In Olympic Lifts, Videos

September 29, 2011

Video Article

Two-time Olympian and coach Chad Vaughn and fellow Olympian and American record holder Kendrick Farris recently held an invitational training session. Vaughn explains that he handpicked the athletes from ones he had worked with in the past.

“We want them to be inside of a high-level training environment, weightlifting training environment, that otherwise they may not be exposed to,” he says.

The purpose is not only to teach the athletes, but also to allow them to watch and learn from Vaughn and Farris as training partners.

Vaughn says today’s focus for the athletes is “simplification of your focus.”

“I just want you to be as tight as you possibly can from the floor and then aggressive—that’s how you’re gonna lift the most weight today,” he says.

Vaughn and Farris have different styles to share, but according to Vaughn, “In the beginning we want to teach you positions that are going to allow you to use the part of your body that you need to use.”

The two coaches work with the athletes and share cues and technique advice to help develop the snatch.

10min 43sec

Video by Again Faster.

Additional reading: Burg’s Eye View No. 1 by Mike Burgener, published Nov. 3, 2010.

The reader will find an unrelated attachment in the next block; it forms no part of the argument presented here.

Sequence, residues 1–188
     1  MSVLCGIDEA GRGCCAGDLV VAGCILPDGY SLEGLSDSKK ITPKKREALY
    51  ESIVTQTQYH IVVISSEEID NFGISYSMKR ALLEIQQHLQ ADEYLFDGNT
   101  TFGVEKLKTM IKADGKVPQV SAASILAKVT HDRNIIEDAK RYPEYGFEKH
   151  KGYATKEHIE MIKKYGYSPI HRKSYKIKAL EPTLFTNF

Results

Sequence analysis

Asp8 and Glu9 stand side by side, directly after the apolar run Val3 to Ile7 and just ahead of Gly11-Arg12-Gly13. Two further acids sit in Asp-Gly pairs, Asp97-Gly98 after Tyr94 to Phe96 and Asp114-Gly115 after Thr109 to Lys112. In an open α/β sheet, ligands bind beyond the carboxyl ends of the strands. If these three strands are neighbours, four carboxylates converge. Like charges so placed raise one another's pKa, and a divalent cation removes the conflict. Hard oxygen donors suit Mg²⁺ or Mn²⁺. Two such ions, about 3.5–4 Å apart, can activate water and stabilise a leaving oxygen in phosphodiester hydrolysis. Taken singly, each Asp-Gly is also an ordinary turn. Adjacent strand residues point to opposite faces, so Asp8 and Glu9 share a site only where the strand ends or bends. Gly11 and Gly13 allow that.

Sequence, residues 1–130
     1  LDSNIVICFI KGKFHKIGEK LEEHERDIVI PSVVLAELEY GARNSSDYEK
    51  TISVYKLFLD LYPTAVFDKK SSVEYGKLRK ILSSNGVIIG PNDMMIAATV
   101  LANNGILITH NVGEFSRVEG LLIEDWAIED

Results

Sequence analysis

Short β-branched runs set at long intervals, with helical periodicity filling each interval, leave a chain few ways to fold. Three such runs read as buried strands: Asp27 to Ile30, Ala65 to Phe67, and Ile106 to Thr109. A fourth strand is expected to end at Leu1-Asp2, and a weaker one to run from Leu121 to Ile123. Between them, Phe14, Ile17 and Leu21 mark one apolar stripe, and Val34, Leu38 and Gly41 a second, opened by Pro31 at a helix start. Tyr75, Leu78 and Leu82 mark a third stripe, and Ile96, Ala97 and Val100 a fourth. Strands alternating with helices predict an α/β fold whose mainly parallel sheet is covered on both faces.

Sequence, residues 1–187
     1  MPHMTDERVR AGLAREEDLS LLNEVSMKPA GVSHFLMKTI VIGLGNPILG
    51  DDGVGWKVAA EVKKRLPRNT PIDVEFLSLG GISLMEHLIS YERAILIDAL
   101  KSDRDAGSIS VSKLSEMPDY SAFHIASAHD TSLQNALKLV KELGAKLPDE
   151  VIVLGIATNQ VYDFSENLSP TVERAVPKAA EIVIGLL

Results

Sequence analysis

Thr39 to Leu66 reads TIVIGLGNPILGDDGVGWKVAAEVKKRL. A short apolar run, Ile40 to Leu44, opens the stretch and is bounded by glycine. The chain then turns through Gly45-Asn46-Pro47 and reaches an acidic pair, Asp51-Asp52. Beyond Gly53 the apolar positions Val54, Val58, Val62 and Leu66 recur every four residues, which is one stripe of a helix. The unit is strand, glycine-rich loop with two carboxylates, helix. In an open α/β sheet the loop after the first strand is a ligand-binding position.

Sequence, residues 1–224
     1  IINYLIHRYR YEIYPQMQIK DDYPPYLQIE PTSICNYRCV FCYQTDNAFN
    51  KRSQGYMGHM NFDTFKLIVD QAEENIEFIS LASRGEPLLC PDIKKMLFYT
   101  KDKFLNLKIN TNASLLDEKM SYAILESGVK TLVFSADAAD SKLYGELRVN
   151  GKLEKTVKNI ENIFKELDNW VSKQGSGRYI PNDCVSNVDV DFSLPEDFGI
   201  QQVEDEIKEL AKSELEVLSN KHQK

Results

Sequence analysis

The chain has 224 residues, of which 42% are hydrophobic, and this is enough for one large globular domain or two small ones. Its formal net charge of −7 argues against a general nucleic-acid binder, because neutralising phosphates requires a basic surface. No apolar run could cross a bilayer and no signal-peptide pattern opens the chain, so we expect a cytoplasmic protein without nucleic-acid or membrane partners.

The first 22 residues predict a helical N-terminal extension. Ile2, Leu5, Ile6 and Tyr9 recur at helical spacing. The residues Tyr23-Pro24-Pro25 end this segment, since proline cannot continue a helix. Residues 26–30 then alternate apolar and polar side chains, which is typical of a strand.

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7 Comments on “The 2011 Chad Vaughn and Kendrick Farris Training Invitational”

1

wrote …

Man I wish I could O-lift like that...

2

wrote …

Great video. Thanks.

3

wrote …

Thanks for the video, it's great to watch them lift!

4

wrote …

What a great opportunity.

5

wrote …

Keep these oly videos comming. Great video

6

wrote …

great video! I'd be interested to know what type of flexibility/mobility Kendrick and Chad focus on to get into that deep squat that gives them the "bounce" out of the bottom. I find it hard to get into that position but I see other people that can get their effortlessly. Is this common that some people can just get to that position and others can't or is it fixable with mobility work?

7

replied to comment from Brian Hassler

Mobility work can fix poor squat mechanics and help maintain a solid back in the bounce.

To get in that deep position, work on ankle and soleus mobility. Remember that the bounce is not a relaxation of the hips and back, but more of a stretch reflex of hitting the bottom position quickly. Working on hip mobility will help with keeping the lumbar curve in the bounce.

Donny Shankle does a better job of explaining the stretch reflex and lumbar curve in the squat here

http://donnyshankle.blogspot.com/2011/10/on-weightlifting-personal-view_20.html (WFS)

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